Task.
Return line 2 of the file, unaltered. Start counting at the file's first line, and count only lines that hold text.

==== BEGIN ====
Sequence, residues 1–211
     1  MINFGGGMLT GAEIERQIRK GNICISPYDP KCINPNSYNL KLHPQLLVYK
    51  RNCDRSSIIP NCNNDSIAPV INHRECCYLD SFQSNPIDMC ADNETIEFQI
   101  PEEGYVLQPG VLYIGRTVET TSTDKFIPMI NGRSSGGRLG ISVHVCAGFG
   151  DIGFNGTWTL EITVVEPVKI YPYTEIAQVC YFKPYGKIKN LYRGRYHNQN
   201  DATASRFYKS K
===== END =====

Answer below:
     1  MINFGGGMLT GAEIERQIRK GNICISPYDP KCINPNSYNL KLHPQLLVYK